Schopen reflects on a decade of accidents as a PMP


November 16, 2016

Photo: © paulrichstudio

Photo: © paulrichstudio

I’m accident prone. I wouldn’t call myself a klutz, because I was a fairly good athlete in high school and college. But I am on the Mount Rushmore of individuals who get hurt frequently.

I’m not talking about stubbing my toe on a chair or hitting my thumb with a hammer. No, I’m the type of person who will end up in the hospital. For example, I’ve broken my right femur (compound fracture), my left wrist, my tailbone and my left hip. I’ve ripped my left eyebrow off of my face! When I was four, I nearly bled to death after running through a plate glass window. I’ve had surgery for a double hernia and, even more painful, I’ve had my heart broken by more than one girl.

When you have a physical job like pest management, it’s not if, but when an accident will occur. It’s only a matter of time before a kid texting and driving veers into your lane, a yellowjacket job goes bad, a customer’s dog bites you, a car battery blows up in your hands (been there, done that), etc. As I look back at the past 10 years and the accidents we’ve had at Schopen Pest Solutions, it’s a miracle we’re still in business!


During my first summer, I was on a ladder applying gel bait above a door frame for carpenter ants. Above the door was a stuffed Jackalope. As I tried to maneuver around the mythical creature, the Jackalope’s antlers hooked my shirt and caused me to lose my balance. I fell 6 feet — onto the client’s hot tub cover. The hot tub’s wood frame exploded and splintered into a million pieces.


I landed a big account with a condo association. As I was power spraying around the exterior, I tripped and fell down a hill. While rolling, I hit my hip on a railroad tie and pain exploded down my whole leg. Because I was my only employee and the mortgage doesn’t pay itself, I kept working. By the end of the week, I could barely walk. The pain was unbelievable. Years later, I was having hip problems. My doctor looked at my X-rays and said that he could see a badly healed hairline fracture just below my hip.

2008 I forgot to latch down my ladder onto my ladder rack. I was driving down a busy highway when VOOM, the ladder flew off! It didn’t hit any cars, but at least two drivers ran over it.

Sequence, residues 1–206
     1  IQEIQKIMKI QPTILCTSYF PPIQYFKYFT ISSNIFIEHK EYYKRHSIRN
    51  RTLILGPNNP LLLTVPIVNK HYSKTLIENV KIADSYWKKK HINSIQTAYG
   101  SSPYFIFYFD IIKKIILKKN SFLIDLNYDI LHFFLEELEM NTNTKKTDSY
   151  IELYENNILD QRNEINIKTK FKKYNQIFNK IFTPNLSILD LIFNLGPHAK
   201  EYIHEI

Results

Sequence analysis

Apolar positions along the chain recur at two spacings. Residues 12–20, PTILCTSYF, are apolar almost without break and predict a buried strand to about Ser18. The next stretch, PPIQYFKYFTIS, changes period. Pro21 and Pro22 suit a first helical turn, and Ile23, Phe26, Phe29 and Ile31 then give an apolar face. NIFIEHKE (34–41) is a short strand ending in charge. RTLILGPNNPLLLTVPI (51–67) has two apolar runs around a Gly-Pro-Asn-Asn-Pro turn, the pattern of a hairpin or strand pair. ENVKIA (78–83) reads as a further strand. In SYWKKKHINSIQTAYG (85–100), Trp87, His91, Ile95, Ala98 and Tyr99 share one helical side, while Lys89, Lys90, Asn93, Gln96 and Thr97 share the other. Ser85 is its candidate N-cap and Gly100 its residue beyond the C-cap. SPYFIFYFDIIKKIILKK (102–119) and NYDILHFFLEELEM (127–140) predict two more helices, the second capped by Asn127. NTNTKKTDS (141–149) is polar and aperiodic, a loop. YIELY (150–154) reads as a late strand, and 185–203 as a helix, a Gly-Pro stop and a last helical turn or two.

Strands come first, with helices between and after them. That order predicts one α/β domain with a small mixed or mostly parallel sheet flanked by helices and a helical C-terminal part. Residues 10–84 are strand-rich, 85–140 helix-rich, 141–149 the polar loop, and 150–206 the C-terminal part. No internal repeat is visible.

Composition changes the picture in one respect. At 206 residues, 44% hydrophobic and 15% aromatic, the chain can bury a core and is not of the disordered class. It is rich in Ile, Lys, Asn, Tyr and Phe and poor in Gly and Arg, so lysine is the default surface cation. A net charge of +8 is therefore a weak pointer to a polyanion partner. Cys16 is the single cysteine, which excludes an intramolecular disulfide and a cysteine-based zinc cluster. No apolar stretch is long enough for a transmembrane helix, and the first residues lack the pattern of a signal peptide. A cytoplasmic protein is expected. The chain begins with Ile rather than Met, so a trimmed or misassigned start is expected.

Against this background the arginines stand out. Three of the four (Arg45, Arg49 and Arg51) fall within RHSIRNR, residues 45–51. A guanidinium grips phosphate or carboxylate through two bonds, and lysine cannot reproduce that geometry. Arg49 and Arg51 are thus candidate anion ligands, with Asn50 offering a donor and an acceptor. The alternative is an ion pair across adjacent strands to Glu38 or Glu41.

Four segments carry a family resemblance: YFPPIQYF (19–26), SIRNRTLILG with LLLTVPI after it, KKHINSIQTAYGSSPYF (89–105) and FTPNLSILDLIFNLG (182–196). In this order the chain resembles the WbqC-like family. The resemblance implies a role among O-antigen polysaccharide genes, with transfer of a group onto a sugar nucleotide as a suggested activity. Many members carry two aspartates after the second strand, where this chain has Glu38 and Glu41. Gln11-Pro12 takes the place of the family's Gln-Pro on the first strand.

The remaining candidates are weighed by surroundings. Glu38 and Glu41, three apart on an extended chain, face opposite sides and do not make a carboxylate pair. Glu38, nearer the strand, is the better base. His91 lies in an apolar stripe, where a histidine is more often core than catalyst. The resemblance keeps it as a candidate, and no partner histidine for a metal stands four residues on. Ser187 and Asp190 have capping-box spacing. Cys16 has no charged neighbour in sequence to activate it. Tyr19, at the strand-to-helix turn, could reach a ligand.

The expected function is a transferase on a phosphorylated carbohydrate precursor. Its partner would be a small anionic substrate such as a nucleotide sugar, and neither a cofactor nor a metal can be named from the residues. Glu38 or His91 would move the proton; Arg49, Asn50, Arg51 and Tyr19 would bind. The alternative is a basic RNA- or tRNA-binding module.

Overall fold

I visited a rodent client and saw that all of her brick home’s weep holes were filled in with expandable foam. I asked her why she would do that. She raised an eyebrow and said, “Your tech did this on his initial visit.” The tech went back to her home and cleaned out the holes while I put together an emergency meeting on why we don’t seal weep holes.


One of my techs was putting his 1 gal. sprayer into his service kit when he dropped it onto the client’s floor. She had beautiful, expensive, wood-paneled floors. The sprayer left a crescent moon decoration on her floor. At the next monthly service meeting, I made it company policy that service kits could no longer go inside a client’s home.


I was eliminating rats from a garage in an alley in Chicago. I was using the normal methods and was slowly depleting their numbers. About one month into my work, the property manager called me in a frenzy asking me what was I using in that garage because the garage blew up! He texted me a photo showing where the garage used to be. Next to that were two cars, melted down to the frames. The home and the two houses next to it were also damaged. After further investigation, we found out that the management firm didn’t know I was on the case and had hired another pest control company. They had used something flammable and blew the garage to bits.


Chicago winters are a real problem. I fell a few years ago and cracked two ribs. In 2012, one of my techs did the same thing and missed two days of work. After that second incident, I bought all of my techs special shoe grips to wear during icy days.


On a hot August Thursday, one of my techs fell asleep at the wheel and crashed into a box truck. Luckily, he had his seat belt on and was okay. His truck was not. It was only five months old and I didn’t have gap insurance. I ended up paying $8,000 out of pocket. Two lessons learned:

  • a. Make sure I have gap insurance on all of our vehicles.
  • b. Try and keep my technicians’ workloads under 50 hours per week during the summer.


I don’t allow my techs to walk into people’s attics unless there is a floor. Unfortunately, I broke my own rule and allowed a tech go into an attic to retrieve an old yellowjacket nest. He slipped off of a stud and fell through the drywall.


We’ve only had three car accidents in 10 years (knock on wood); two of them by the same driver in a span of 10 months. Neither was serious, but the driver was put on notice. His record has been clean ever since.


Accidents happen. I’ve never fired an employee over an accident. I have good insurance, and we put protocols in place to reduce the chance of serious accidents or injuries.

I also keep lots of ice packs and aspirin in our office.

Schopen is owner and founder of Schopen Pest Solutions, McHenry, Ill. You can email him at or reach him via Twitter: @schopenpest; Instagram: @peteschopen; or Facebook: Schopen Pest Solutions, Inc.


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